A few weeks ago, Andrew Leonard, in his Salon-based blog How the World Works, sensed that "Malthus is in the air," writing that rising food prices are, among other things, encouraging folks to rethink their opposition of genetically-modified foods:
Biotech proponents see genetically modified crops as one more weapon in the arsenal of technological productivity enhancers that will enable humanity to continue slipping out of the tightening noose formed by a burgeoning population rapaciously exhausting finite resources. Biotech opponents variously see genetically modified organisms as a crime against nature, a Pandora's Box of ecological catastrophe waiting to happen, and fundamentally dependent on a petroleum-based infrastructure that itself is not sustainable. The tension at play here -- will science save us, or destroy us? -- is an ever-popular theme at How the World Works. The surge in food (and oil) prices is suggesting that a showdown between the opposing camps is far more imminent than might have been suspected, even just a year ago.The post, in general, is a good one (as much of Leonard's stuff is), but something about the above paragraph struck a sour note. It's that summary of the issues concerning "biotech opponents." They're not represented as particularly enlightened objections; in fact, they're religious. And this seems to be the standard representation -- if not the standard understanding -- of opponents of genetic modifications of foods.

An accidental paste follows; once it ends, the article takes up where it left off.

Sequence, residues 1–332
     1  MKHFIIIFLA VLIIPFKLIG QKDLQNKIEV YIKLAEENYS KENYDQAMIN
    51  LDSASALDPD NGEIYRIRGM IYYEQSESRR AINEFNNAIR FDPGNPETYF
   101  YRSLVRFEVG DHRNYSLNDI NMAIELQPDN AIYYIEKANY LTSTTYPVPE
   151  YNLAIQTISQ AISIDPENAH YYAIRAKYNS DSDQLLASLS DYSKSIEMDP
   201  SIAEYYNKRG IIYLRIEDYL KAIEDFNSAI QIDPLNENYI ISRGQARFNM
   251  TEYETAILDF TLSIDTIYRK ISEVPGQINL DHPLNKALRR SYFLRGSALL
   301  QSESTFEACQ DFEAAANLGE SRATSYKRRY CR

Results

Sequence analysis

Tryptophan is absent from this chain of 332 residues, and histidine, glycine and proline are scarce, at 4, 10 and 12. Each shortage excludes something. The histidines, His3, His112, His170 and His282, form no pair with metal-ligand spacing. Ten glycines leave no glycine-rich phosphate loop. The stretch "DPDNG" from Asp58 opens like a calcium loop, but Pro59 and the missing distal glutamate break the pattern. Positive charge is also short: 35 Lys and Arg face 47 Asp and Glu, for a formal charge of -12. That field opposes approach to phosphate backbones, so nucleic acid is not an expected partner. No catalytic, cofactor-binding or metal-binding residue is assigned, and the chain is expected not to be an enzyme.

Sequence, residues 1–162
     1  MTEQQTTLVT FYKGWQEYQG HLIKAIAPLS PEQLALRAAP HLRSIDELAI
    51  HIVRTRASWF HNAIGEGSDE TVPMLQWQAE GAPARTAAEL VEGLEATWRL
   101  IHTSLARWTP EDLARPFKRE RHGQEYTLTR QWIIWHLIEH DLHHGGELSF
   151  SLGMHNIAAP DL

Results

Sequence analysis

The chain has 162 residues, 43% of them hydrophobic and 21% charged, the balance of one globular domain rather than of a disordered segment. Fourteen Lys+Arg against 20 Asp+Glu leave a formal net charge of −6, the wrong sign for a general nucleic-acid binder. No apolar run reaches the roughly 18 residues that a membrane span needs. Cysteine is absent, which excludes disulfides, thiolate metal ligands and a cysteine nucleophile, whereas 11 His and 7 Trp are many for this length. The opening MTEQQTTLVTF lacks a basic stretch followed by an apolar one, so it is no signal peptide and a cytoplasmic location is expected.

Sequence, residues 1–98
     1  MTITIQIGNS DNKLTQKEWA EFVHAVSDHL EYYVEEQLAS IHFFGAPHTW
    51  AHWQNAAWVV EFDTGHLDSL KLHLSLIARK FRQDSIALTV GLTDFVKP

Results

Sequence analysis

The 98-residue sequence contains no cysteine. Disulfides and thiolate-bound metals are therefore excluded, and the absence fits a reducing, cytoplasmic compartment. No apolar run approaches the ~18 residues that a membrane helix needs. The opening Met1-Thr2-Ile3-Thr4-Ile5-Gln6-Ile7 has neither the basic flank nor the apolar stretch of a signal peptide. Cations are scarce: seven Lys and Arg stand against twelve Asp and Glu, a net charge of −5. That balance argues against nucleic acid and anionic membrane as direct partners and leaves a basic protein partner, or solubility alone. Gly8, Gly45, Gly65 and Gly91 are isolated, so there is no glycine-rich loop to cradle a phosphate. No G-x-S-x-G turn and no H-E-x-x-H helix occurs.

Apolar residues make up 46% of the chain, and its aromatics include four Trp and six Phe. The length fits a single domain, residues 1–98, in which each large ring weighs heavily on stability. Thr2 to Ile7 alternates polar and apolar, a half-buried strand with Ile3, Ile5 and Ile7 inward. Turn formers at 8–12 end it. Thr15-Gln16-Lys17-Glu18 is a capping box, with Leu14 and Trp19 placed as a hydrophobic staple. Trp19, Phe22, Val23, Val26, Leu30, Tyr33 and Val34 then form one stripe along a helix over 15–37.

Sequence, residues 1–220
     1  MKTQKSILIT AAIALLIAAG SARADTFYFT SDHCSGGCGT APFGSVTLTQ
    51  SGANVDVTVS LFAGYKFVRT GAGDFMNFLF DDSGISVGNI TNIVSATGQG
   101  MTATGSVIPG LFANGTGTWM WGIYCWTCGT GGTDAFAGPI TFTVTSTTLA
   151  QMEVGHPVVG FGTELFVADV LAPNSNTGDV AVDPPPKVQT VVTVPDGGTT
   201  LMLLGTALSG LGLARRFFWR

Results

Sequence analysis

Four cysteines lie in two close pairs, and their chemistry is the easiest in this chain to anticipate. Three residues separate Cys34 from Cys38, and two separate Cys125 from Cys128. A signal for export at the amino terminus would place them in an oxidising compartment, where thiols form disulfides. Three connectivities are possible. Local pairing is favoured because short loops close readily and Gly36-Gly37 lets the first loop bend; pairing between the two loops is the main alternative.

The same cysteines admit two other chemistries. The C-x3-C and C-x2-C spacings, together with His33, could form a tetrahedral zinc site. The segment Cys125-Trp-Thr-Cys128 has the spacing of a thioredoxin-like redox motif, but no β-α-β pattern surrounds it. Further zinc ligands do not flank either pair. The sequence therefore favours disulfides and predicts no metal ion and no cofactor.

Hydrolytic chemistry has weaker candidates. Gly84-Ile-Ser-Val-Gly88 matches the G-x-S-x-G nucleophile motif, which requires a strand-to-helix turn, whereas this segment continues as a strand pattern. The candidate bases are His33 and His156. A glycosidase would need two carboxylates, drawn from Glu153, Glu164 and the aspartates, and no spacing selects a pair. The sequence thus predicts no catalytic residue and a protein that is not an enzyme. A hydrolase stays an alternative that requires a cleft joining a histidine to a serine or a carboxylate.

So if it's not for some fear that fish-gene tomatoes are going to result in catastrophic, planetary retribution, what's the problem with the fact that the Bush administration will only give food aid if the recipients are willing to take GMOs along with it? (Even the article linked here, from the Washington Post, reduces the claims of biotech opponents to fears of allergies and environmental issues) The problem is that GMOs are intellectual private property. Though Monsanto and Archer Daniels Midland want you to believe that, after decades of poisoning poor Americans (demonstrably the case for the former), they suddenly give a shit about feeding poor people elsewhere? Does anyone believe them?
Have a look at this month's Vanity Fair story on Monsanto, "Harvest of Fear." It's a good piece, a look at Monsanto's approach to "protecting" its intellectual property -- its phalanx of investigators and lawyers threatening farmers (and some non-farmers) who they suspect of planting their GMO seeds without paying for them. This is food-as-intellectual-property, and it scares the hell out of me. We don't need more of this, in more parts of the world.
Seeds should be open-source. I don't care so much about creating weird slimy monsters who will eat our children's brains. I care about shrinking common knowledge of agriculture, about the aggressive concentration of that knowledge into fewer and fewer hands. I don't think I'm alone in that, so why is it that folks opposed to biotech are always cast in the same mob-with-pitchforks light?